Rewriting History: How the Omar Khadr GITMO Clemency Appeal Failed

by Jerry Gordon (June 2011)

In the final week of May, 2011 Canadian Afghan GITMO detainee, Omar Khadr, and his military legal defense team were blanked out in two separate decisions by the highest US military legal tribunal, the Convening Authority, and, the Supreme Court of the United States (SCOTUS). On May 24th, the majority of Justices of SCOTUS ruled not to review the Khadr matter filed almost a year earlier. May 26th, the Military Legal Convening Authority denied a Clemency Appeal filing made in late March in a terse dismissal. 

Tribunal rejects Khadr bid for clemency.”

Under it, Khadr pleaded guilty last October to five war crimes, among them the murder of a U.S. serviceman during a 2002 firefight in Afghanistan. He received a sentence of eight years, with one more to be served in Guantanamo, and seven in a Canadian prison.

This was the second legal setback Khadr received.

A majority of Supreme Court justices denied the review petition.

“Omar Khadr’s Hail Mary (Allah) Pass at GITMO Tribunal”. Khadr’s defense counsels, Lt. Col. Jon Jackson and Major Mitchell Schwartz concocted a 40 page appeal aimed at destroying the credibility of prosecution key witness Dr. Michael Welner. Welner is a renowned forensic psychiatrist, chairman of The Forensic Panel and NYU Associate Professor. The clemency appeal also targeted Col. Patrick Parrish, tribunal judge in the proceeding with 25 years of experience. Sageman attacked research work by Nicolai Sennels on young criminals in a Copenhagen correctional facility for its principal finding of their rejection of Western values. See Sennels’ article in the May 2010, NER, “Muslims and Westerners: The Psychological Differences.”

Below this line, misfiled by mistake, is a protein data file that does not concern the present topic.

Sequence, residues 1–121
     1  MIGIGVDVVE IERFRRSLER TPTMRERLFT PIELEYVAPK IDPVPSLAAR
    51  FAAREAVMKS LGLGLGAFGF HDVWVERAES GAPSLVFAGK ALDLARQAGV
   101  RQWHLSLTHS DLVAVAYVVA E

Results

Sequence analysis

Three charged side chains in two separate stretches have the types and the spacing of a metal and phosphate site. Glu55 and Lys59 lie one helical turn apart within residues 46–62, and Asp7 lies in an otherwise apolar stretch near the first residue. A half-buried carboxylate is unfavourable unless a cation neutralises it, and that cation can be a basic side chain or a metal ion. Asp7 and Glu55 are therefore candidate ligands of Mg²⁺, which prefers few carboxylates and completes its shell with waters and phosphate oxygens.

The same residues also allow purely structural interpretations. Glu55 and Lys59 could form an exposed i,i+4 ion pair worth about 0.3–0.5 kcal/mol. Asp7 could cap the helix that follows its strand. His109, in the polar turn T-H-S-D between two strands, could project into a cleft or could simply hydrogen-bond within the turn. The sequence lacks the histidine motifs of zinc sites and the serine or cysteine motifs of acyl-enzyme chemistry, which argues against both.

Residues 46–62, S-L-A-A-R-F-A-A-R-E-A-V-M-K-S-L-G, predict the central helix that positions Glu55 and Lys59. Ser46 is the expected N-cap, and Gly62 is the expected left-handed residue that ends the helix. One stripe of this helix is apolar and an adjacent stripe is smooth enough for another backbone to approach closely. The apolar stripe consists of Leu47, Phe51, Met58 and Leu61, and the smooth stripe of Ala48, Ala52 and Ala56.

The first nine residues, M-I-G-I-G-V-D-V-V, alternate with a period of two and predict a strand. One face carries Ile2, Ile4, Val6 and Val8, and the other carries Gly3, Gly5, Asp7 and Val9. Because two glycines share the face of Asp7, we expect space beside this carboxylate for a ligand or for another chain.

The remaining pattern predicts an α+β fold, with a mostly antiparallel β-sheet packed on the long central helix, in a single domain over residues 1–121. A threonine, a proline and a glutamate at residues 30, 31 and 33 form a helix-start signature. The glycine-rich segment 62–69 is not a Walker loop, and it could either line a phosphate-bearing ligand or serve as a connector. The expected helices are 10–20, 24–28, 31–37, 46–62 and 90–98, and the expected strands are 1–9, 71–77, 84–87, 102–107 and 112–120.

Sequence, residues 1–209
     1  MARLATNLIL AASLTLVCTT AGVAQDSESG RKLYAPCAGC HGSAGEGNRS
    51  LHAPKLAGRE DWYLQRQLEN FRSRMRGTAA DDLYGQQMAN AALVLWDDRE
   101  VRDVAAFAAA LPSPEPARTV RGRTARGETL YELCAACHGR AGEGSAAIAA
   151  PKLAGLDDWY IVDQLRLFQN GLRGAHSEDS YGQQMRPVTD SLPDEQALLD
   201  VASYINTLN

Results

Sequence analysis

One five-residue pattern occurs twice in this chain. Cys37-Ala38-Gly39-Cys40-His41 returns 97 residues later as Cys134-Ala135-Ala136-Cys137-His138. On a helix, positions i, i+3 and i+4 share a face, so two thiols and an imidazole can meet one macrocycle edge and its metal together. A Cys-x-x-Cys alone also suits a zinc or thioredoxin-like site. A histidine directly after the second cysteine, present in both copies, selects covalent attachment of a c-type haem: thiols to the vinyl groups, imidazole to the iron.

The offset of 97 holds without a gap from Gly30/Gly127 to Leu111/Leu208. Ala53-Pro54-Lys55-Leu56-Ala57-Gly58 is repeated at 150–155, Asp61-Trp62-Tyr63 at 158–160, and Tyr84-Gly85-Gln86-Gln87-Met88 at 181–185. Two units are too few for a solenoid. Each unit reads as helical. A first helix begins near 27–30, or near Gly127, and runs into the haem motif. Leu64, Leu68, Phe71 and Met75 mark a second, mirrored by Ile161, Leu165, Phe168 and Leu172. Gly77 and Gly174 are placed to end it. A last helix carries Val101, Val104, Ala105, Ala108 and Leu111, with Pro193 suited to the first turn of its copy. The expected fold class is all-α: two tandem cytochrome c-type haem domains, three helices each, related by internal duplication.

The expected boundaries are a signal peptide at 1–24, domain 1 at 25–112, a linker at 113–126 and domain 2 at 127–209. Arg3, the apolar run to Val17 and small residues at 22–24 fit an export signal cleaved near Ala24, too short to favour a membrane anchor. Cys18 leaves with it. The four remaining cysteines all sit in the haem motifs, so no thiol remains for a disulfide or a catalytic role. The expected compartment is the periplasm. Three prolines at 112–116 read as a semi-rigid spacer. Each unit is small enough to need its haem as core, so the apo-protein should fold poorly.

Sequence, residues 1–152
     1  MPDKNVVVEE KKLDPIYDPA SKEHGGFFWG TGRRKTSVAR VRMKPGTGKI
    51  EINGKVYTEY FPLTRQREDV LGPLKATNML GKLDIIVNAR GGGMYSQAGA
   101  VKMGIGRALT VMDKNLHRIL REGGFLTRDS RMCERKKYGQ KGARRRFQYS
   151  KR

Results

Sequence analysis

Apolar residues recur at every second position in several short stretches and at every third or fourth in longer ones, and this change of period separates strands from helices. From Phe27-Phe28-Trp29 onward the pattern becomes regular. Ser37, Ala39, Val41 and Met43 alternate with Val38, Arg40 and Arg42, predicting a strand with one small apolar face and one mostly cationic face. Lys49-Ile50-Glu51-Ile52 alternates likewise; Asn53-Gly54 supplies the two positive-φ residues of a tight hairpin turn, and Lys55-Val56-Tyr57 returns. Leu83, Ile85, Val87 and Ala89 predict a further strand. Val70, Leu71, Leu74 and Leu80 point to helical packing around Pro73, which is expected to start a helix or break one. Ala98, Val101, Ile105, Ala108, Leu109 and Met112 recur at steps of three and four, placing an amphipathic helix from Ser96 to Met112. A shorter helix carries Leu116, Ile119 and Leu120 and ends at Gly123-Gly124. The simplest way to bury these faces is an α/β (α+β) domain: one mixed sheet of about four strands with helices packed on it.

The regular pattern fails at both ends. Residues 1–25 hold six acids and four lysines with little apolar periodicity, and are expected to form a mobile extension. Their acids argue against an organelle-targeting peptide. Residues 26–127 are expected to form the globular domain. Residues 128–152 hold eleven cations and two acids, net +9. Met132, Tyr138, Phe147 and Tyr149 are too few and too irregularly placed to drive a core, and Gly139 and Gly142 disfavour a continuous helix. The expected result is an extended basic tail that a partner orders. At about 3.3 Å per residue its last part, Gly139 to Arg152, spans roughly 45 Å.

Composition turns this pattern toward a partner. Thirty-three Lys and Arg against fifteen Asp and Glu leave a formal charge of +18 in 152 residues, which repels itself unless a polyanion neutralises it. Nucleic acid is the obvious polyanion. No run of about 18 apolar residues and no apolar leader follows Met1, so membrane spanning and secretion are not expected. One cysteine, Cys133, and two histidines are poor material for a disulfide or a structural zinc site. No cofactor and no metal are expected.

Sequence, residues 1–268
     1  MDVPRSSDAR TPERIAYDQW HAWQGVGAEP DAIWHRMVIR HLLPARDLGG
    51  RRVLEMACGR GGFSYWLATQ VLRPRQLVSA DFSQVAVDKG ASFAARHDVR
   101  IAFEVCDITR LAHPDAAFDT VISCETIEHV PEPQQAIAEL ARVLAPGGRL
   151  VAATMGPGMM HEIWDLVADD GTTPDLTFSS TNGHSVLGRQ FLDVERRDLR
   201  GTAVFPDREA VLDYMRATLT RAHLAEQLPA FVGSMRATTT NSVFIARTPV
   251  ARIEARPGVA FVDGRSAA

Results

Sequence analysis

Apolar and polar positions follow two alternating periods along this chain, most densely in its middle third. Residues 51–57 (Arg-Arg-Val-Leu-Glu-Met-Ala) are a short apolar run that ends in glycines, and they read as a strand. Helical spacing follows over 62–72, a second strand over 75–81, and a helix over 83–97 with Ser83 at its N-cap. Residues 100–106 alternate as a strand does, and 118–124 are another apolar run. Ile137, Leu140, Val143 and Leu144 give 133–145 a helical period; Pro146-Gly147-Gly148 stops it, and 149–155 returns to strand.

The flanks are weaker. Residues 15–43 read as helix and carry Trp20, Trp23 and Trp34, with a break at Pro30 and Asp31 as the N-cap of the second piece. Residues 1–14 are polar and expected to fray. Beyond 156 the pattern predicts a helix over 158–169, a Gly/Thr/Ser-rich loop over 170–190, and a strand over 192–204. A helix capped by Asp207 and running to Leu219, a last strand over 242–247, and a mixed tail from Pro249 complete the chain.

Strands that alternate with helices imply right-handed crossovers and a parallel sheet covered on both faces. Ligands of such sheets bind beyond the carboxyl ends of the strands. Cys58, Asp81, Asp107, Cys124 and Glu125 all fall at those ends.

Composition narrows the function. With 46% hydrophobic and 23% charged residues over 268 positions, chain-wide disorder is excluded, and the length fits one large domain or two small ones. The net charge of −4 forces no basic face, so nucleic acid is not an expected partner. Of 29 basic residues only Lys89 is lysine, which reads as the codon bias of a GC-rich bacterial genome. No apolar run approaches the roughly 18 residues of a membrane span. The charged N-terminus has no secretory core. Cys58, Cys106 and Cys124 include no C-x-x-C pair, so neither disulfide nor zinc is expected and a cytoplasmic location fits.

Sageman was not the first expert witness the defense exploited to try to attack Welner where their October cross examination failed.

Dr. Stephen N. Xenakis, who spent 28 years in military service before leaving command.

Xenakis has been a frequent critic of torture in interrogations and Guantanamo Bay in general as a member of Physicians for Human Rights, has lectured on such topics in Israel and the Palestinian territories and has written frequently on such topics for the New York Times and the Washington Post.

“Radical Jihadism is Not a Mental Disorder.”

Beyond being simply unscientific, however, the testimony had another troubling aspect. Welner relied, in part, on the research of a particularly egregious source: Danish educational psychologist Nicolai Sennels.

The prosecutors depicted Khadr as a probably violent and radical charismatic leader.

[. . .]

The validity of risk assessment also draws from statistical base rates. The figures of released Guantanamo detainees who return to active battle have climbed sharply from just 6 percent in 2008 to 25 percent, according to [a recent report] from the director of national intelligence. My testimony demonstrated several reasons why U.S. government recidivism figures are a significant underestimation. This testimony was not contested on cross-examination or rebutted.

No part of my assessment characterized radical Jihadism as a mental disorder. I testified specifically that Jihadism is a phenomenon of religious inspiration, not mental illness.

Xenakis in an article, “First, Do No Harm,” where he outlined his views on the detention system at Guantanamo and gave his assessment that Khadr had been tortured. Xenakis was “attending a two-day conference in Ramallah and Jerusalem about the responsibilities and immunity of people who employ torture tactics. The conference was sponsored by Adalah – The Legal Center for Arab Minority Rights in Israel, Physicians for Human Rights, and the Palestinian Al-Mezan Center for Human Rights.” There is no word as to whether he had any comments on Hamas’ handling of Fatah prisoners or IDF Sgt. Gilad Shalit, allegedly still alive as a captive after more than five years, for that matter.